Out shopping at Hideaway Music this past December, I was immediately drawn in by the cover art of Cinnamon Girl: Women Artists Cover Neil Young for Charity. Reminiscent of Neil Young’s legendary Decade album cover—a barren desert dotted with a solo guitar case, plastered with random stickers of hotels and hotspots, propped up by a body with two outstretched arms—this is a brilliant reimagination of Tom Wilkes’ (1939-2009) original photograph. Casey Burns’ brightly painted cover features a guitar case, plastered with women’s and band names, and the body behind the case has six, rather than two, lanky outstretched arms.
When I got the record home and opened the liner notes, I saw a sweet picture of a woman holding a peaceful sleeping baby. She’s turned toward the camera and presents her new baby to the world. Underneath, the caption reads: Mom and me, 1966.
In the photo are Norine Spadaro, who died in 2005 after a six-year journey with breast cancer, and her son, Joseph Spadaro. Founder of American Laundromat Records, Spadaro made Cinnamon Girl: Women Artists Cover Neil Young for Charity as a loving tribute to his mother’s spirit, legacy, and their shared love of Neil Young.
“The first album my mom ever bought me was Neil Young’s Decade,” Spadaro told me. Decade was Young’s first 35-song compilation album, featuring early classics from 1966 to 1976. Cinnamon Girl: Women Artists Cover Neil Young for Charity includes Tanya Donelly, Euro Trash Girl, Veruca Salt, and Lori McKenna, among a host of other talented female performers reimagining these songs.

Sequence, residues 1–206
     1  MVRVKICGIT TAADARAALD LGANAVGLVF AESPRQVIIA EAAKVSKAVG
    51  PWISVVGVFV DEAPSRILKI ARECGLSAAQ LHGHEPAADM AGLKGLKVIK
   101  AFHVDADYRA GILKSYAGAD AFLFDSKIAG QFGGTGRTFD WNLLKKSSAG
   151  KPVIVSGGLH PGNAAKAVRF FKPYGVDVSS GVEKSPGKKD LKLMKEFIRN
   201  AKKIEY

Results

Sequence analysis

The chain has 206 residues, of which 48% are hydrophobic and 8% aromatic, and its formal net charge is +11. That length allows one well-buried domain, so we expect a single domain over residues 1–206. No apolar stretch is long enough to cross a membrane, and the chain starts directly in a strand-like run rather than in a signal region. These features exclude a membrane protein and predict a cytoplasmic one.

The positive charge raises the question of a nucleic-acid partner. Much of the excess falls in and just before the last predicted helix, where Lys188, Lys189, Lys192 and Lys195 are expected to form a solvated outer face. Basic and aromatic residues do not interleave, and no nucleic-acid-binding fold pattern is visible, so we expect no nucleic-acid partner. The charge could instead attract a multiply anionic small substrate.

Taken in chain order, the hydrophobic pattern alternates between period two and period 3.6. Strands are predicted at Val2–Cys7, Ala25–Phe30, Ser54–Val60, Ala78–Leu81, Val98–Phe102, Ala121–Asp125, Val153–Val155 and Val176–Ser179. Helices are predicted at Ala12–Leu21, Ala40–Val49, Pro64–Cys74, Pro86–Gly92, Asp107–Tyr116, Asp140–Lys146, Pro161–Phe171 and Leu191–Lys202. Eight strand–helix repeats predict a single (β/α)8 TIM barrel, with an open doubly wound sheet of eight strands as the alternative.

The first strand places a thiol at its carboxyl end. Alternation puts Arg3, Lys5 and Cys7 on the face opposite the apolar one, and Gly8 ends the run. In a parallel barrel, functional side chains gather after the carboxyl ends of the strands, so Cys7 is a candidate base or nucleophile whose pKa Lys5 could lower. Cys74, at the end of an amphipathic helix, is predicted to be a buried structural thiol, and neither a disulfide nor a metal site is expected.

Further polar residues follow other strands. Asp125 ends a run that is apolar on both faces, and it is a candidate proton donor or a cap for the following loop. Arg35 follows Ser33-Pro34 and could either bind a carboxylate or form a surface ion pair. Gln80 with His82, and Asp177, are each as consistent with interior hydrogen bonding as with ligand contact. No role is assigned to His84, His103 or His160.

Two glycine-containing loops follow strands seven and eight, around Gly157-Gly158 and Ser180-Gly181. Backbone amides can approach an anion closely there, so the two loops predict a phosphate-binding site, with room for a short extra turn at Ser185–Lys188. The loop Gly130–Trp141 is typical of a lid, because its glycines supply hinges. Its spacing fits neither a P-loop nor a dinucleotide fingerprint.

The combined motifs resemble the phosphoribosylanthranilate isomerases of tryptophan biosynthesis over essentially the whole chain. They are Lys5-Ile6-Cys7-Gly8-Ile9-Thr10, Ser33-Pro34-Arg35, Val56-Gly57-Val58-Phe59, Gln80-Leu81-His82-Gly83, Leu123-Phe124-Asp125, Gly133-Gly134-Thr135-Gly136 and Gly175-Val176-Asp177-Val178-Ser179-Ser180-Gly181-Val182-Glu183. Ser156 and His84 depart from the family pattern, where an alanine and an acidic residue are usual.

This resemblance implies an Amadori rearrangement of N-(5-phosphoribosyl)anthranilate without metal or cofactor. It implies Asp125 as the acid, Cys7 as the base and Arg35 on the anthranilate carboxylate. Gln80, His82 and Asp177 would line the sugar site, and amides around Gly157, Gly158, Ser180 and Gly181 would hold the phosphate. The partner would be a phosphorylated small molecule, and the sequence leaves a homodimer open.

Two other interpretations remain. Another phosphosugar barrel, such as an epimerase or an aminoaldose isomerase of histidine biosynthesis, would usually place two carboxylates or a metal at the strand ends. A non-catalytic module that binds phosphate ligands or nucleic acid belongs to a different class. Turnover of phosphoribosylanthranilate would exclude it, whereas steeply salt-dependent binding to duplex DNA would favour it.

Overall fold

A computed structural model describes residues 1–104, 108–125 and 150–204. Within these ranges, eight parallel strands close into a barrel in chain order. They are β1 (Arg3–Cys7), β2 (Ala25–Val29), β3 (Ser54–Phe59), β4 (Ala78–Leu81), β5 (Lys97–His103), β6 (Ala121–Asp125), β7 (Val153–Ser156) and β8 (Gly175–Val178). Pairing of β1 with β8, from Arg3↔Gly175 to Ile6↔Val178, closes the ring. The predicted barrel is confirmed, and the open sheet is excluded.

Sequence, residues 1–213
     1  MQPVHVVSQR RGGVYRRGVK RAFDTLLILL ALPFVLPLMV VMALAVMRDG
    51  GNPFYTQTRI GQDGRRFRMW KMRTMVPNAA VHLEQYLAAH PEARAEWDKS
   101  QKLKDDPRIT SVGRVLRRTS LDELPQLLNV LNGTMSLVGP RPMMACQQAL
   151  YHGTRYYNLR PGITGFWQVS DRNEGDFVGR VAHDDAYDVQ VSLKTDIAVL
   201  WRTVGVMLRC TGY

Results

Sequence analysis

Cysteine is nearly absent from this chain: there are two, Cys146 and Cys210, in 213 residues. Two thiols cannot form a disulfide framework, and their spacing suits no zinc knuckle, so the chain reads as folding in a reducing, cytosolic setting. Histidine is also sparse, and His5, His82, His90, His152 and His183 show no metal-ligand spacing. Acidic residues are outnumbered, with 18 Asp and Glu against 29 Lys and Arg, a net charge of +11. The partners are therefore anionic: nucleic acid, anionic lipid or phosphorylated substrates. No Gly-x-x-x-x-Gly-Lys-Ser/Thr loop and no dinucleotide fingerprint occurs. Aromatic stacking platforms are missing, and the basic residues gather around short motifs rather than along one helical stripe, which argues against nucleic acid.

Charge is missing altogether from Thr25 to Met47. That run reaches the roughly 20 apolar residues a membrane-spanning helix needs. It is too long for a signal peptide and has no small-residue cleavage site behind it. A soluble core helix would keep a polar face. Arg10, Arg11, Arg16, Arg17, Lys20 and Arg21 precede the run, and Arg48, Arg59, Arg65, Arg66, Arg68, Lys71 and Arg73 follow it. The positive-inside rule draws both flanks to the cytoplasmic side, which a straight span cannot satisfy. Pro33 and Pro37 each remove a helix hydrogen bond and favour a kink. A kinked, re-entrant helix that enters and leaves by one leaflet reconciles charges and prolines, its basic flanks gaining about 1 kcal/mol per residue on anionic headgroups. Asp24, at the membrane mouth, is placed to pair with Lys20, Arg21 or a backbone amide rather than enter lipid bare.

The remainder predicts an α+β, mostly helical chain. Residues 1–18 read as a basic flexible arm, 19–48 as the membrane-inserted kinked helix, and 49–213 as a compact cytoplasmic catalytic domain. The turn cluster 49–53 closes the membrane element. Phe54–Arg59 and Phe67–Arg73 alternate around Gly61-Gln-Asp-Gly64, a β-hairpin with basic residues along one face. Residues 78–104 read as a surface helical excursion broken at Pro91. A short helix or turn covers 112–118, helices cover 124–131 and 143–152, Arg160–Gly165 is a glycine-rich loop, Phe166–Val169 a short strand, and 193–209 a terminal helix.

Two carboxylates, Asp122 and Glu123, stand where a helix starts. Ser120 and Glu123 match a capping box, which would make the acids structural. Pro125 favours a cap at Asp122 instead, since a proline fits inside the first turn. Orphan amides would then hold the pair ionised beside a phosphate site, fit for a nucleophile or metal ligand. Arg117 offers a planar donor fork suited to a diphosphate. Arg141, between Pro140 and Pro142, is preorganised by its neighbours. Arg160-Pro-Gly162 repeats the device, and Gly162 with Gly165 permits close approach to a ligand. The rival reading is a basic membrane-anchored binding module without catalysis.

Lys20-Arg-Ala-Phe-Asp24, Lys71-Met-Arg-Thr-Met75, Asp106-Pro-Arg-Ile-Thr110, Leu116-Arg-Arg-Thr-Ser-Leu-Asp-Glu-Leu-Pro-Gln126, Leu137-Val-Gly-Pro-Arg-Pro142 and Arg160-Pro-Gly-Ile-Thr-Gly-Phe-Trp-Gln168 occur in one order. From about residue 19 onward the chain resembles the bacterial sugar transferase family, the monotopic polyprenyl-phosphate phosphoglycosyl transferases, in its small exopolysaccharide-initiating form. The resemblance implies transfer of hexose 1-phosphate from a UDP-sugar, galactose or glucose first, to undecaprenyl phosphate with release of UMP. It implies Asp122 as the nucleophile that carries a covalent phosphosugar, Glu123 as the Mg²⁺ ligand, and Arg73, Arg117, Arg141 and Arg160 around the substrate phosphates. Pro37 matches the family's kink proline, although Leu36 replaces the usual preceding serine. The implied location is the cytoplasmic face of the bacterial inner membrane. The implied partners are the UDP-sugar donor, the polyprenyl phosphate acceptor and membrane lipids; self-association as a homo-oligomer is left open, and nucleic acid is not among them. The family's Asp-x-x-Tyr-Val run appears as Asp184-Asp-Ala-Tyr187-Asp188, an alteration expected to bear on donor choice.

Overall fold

Proceeds from the sales of Cinnamon Girl go to Casting for Recovery (CfR), an organization that provides “healing outdoor retreats for women with breast cancer, at no cost to the participants.” CfR recognizes the “natural world is a healing force” and offers women of all ages and stages of treatment and recovery a weekend away, so they can connect with other women, nature, and learn how to fly fish! For over 25 years, CfR has offered women from all walks of life a chance “to experience something new and challenging in a beautiful, safe environment.”
Norine Spadaro, as her son describes, was a “city woman,” but after her CfR retreat, she fell in love with the experience. She “lit up” when she talked about it, stayed in close relationship with many of the women, and requested that, upon her death, people send a donation to CfR rather than send flowers.
In all ways, Cinnamon Girl: Women Artists Cover Neil Young for Charity is filled with love. When Spadaro asked female singer-songwriters and bands that he knew and loved, everybody agreed. These renditions are filled with reverence for Young’s music and songwriting and respect and honor for Norine Spadaro as a woman, mother, and music lover. You can hear the tenderness and care with which each of these songs was made, and like many Neil Young classics, these songs hold heartbreak and heal sadness.
Here are a few of my favorites:
“The Needle and the Damage Done” from Harvest (1972) by Lori McKenna